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Acknowledgments vii Introduction: Afropolis / Achille Mbembe and Sarah Nuttall 1 1. Aesthetics of Superfluity / Achille Mbembe 37 2. People as Infrastructure / Abdoumaliq Simone 68 3. Stylizing the Self / Sarah Nuttall 91 4. Gandhi, Mandela, and the African Modern / Jonathan Hyslop 119 5. Art Johannesburg and Its Objects / David Bunn 137 6. The Suffering Body of the City / Frederic Le Marcis 170 7. Literary City / Sarah Nuttall 195 Voice Lines Instant City / John Matshikiza 221 Soweto Now / Achille Mbembe, Nsizwa Dlamini, and Grace Khunou 239 The Arrivants / Tom Odhiambo and Robert Muponde 248 Johannesburg, Metropolis of Mozambique / Stefan Helgesson 259 Sounds in the City / Xavier Livermon 271 Nocturnal Johannesburg / Julia Hornberger 285 Megamalls, Generic City / Fred De Vries 297 Yeoville Confidential / Achal Prabhala 307 From the Ruins / Mark Gevisser 317 Reframing Township Space / Lindsay Bremner 337 Afterword: The Risk of Johannesburg / Arjun Appadurai and Carol A. Breckenridge 349 Bibliography 355 Contributors 375 Index
Scholarly and creative essays on Johannesburg that focus on the city's modern and cosmopolitan status
Sarah Nuttall is Associate Professor of Literature and Cultural Studies at the Wits Institute for Social and Economic Research (WISER), University of the Witwatersrand in Johannesburg. She is the author of Entanglement: Literary and Cultural Reflections on Post-Apartheid (forthcoming) and an editor of several books, including Beautiful/Ugly: African and Diaspora Aesthetics, also published by Duke University Press. Achille Mbembe is Research Professor in History and Politics at WISER. He is the author of On the Postcolony and La naissance du maquis dans le Sud-Cameroun and a co-editor of Le politique par le bas en Afrique noire.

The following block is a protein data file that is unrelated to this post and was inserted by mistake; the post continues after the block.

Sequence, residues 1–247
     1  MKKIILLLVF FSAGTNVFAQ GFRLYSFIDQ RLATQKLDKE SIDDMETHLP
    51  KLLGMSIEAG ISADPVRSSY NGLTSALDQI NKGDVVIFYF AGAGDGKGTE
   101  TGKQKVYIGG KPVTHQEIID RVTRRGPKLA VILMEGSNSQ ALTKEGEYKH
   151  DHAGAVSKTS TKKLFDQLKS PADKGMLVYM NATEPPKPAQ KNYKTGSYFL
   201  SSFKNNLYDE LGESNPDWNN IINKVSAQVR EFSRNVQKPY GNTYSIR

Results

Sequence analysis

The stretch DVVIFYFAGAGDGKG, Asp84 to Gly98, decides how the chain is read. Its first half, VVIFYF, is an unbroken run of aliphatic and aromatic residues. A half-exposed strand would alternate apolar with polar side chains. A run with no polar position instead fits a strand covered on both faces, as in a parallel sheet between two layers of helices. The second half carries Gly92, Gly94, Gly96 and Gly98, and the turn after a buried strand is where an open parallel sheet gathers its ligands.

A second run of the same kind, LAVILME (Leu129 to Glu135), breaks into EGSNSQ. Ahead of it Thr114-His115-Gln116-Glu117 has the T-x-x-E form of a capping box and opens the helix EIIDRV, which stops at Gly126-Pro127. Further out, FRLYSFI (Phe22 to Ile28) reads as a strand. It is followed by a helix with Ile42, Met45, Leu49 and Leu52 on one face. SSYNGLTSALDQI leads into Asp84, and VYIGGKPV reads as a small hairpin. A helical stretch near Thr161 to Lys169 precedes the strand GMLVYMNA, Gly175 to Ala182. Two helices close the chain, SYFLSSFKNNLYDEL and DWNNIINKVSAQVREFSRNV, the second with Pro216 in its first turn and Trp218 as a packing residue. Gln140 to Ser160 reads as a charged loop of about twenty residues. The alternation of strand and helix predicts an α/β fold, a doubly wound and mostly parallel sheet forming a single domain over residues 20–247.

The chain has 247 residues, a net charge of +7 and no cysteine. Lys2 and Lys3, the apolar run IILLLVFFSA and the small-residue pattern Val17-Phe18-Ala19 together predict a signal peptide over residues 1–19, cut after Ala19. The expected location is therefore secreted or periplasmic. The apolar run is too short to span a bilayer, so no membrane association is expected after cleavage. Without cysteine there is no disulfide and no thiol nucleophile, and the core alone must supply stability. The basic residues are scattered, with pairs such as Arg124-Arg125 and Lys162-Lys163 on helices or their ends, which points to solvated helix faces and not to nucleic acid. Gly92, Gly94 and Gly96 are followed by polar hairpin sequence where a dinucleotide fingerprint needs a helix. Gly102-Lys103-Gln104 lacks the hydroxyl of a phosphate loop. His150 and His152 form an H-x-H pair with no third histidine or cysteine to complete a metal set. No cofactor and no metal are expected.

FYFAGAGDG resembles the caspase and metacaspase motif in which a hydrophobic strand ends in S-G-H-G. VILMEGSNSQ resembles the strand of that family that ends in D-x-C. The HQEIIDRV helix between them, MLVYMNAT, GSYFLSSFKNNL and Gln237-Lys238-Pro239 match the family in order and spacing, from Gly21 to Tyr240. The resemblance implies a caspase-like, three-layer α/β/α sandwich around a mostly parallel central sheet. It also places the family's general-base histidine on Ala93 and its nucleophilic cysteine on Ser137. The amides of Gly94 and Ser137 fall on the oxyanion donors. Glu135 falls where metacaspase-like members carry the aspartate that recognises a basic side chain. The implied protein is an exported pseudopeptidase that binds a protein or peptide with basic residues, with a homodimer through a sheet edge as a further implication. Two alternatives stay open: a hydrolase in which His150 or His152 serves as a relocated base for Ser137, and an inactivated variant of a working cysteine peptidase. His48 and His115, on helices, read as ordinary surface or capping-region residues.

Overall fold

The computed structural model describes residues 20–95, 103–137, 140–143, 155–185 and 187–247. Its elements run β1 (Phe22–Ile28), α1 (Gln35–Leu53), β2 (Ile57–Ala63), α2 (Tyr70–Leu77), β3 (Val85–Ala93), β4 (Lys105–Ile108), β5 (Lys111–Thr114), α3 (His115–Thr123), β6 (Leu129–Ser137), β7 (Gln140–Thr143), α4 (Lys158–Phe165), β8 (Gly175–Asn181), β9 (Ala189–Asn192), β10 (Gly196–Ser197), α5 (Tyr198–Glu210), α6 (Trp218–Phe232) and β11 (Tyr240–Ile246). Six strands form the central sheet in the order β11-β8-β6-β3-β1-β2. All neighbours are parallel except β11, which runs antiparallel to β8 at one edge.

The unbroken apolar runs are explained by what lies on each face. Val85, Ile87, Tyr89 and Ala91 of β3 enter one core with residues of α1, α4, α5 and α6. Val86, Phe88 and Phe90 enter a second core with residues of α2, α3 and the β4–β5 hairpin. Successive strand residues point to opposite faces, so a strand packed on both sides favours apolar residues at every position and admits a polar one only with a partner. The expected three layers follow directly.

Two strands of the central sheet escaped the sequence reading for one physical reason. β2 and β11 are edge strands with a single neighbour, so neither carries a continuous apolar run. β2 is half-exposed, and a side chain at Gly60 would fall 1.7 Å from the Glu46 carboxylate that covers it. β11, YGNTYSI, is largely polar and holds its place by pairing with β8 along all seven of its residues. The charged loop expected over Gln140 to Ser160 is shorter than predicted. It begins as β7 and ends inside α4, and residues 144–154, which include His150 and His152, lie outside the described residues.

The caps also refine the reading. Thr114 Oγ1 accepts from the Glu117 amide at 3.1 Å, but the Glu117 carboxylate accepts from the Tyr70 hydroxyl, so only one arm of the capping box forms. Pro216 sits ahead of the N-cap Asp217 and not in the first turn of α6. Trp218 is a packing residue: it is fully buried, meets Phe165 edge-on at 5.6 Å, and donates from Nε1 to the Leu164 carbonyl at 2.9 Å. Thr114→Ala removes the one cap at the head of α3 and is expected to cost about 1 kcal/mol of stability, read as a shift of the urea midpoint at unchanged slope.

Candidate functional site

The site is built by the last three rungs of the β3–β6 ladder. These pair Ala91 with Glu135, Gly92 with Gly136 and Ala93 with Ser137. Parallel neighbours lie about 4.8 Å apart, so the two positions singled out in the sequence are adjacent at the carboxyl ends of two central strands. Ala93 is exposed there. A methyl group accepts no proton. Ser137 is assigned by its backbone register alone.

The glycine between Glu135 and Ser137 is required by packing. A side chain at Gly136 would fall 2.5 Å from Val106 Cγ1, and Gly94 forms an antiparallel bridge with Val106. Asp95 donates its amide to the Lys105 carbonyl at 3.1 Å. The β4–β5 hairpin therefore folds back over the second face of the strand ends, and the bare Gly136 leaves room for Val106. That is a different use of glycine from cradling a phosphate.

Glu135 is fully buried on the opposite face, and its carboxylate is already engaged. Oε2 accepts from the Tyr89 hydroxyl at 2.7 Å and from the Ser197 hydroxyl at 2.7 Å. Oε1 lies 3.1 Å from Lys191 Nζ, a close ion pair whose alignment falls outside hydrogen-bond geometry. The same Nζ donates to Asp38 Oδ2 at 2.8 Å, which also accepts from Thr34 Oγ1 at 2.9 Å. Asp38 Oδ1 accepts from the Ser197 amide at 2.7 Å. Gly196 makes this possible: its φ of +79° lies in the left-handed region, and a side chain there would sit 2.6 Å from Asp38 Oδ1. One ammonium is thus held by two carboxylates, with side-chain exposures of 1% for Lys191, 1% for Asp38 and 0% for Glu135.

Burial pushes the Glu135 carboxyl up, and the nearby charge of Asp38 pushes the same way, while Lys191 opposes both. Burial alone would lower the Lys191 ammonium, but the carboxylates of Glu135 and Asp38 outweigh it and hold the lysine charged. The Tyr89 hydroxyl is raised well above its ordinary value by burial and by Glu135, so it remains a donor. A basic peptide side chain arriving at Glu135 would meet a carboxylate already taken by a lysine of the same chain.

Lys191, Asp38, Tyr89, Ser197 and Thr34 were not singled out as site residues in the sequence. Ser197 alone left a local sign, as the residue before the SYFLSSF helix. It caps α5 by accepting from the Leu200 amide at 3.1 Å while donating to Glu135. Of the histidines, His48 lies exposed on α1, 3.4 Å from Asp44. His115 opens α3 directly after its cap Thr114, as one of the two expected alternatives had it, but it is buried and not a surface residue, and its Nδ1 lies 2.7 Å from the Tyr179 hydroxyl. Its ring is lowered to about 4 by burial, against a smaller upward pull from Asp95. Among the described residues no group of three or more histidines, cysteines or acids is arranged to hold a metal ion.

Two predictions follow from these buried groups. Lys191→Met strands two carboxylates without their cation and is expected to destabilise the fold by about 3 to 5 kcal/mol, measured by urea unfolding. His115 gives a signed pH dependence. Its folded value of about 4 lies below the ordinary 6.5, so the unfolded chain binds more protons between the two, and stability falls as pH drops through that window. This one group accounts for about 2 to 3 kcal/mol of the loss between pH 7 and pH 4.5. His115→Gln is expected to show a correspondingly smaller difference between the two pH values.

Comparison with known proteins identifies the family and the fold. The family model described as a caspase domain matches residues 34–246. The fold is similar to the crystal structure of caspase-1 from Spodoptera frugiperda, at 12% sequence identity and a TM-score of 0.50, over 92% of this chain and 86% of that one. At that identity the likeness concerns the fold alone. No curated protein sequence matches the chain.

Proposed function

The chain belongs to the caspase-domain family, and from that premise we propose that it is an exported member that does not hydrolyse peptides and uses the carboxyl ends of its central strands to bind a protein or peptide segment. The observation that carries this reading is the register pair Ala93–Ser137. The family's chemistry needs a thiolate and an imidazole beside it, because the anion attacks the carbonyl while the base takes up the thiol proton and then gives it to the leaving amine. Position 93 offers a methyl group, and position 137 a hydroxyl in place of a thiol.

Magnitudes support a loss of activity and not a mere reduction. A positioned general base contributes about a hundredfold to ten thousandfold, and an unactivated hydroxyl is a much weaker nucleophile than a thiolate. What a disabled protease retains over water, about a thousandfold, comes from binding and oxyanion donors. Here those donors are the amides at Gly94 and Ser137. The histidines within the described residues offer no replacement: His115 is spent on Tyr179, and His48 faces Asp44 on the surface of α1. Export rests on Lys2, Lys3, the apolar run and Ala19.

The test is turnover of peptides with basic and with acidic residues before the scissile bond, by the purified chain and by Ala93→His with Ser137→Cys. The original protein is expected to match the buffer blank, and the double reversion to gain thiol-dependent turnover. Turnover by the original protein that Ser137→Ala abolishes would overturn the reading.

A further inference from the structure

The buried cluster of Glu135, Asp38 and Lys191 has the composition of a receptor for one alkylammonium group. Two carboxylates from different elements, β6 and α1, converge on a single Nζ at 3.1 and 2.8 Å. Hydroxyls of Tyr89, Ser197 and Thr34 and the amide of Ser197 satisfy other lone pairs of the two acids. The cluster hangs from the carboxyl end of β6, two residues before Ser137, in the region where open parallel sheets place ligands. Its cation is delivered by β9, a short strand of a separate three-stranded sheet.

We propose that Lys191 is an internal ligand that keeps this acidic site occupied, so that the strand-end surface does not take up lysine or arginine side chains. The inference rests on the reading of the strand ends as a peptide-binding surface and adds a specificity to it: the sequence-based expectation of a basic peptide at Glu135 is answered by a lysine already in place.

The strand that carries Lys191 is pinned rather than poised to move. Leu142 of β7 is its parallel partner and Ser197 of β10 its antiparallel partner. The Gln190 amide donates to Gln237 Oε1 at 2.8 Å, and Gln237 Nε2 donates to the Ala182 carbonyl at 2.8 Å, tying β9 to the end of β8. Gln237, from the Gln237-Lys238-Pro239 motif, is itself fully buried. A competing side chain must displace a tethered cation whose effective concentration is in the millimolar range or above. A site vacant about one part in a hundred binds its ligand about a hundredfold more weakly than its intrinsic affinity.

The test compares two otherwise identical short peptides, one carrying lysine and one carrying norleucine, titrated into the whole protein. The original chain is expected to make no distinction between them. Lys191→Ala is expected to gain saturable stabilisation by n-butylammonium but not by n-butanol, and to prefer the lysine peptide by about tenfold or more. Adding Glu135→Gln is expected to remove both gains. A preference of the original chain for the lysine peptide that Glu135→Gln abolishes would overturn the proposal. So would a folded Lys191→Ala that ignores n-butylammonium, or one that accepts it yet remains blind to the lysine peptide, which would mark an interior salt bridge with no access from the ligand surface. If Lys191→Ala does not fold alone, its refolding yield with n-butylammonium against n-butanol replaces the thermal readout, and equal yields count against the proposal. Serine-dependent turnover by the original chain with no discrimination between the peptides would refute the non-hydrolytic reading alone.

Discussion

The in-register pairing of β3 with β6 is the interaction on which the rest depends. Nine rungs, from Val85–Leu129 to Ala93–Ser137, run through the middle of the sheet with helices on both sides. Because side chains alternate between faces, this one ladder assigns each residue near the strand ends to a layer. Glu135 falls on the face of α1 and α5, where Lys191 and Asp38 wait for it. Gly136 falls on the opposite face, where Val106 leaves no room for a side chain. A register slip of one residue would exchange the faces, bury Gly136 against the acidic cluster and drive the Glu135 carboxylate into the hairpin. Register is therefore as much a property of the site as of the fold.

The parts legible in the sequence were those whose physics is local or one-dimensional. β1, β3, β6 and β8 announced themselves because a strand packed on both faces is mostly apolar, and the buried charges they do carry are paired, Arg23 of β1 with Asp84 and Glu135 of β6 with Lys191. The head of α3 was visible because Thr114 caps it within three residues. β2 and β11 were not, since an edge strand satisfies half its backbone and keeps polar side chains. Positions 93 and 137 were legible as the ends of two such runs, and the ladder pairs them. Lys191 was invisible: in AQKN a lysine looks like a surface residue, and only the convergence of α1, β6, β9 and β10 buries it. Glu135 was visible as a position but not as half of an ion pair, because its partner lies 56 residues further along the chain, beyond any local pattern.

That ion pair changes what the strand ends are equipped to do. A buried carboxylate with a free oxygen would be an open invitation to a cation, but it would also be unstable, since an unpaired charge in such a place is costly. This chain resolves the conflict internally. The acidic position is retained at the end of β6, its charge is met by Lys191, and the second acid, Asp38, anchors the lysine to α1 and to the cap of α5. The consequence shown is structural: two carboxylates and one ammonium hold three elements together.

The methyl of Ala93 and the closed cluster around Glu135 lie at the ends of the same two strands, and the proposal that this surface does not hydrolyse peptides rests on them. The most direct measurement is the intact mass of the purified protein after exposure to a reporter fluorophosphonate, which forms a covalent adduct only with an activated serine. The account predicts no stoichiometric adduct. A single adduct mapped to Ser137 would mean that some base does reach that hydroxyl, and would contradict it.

"Taken together, the essays in Johannesburg: The Elusive Metropolis offer radically new ways of thinking about this complex city, as well as many hints about emerging or re-emerging cities elsewhere. The essays challenge dominant models of urbanism and demonstrate with force and subtlety how African cities in general and Johannesburg in particular outpace urban theory. Each essay 'de-scribes' the city now in order to envision the city to come. In this volume, we hear--over the droning cliches that still circulate about the African city's ruin and decadence--another note, another cadence."--Ackbar Abbas, author of Hong Kong: Culture and the Politics of Disappearance "An extraordinary exploration of what is so often left out of accounts about cities: what is beneath and what is at the edge. It goes where much of the urban scholarship leaves off or, rather, trails off. The authors' project to write Johannesburg into today's history will serve as a compass to enable researchers and writers to engage other cities that have been left out of history or given a narrow colonial presence."--Saskia Sassen, author of Territory, Authority, Rights: From Medieval to Global Assemblages